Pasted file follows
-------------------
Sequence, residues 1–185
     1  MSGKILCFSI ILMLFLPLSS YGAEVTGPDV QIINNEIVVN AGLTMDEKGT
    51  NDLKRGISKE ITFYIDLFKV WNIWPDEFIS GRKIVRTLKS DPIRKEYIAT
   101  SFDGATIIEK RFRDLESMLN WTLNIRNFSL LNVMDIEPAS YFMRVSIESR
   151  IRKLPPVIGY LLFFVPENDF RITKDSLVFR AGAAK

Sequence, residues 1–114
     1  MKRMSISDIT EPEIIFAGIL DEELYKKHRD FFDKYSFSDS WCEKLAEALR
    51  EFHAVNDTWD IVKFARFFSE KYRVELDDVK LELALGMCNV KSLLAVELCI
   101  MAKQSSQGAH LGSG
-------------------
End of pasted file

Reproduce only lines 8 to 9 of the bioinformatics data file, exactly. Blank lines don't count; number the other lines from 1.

    51  EFHAVNDTWD IVKFARFFSE KYRVELDDVK LELALGMCNV KSLLAVELCI
   101  MAKQSSQGAH LGSG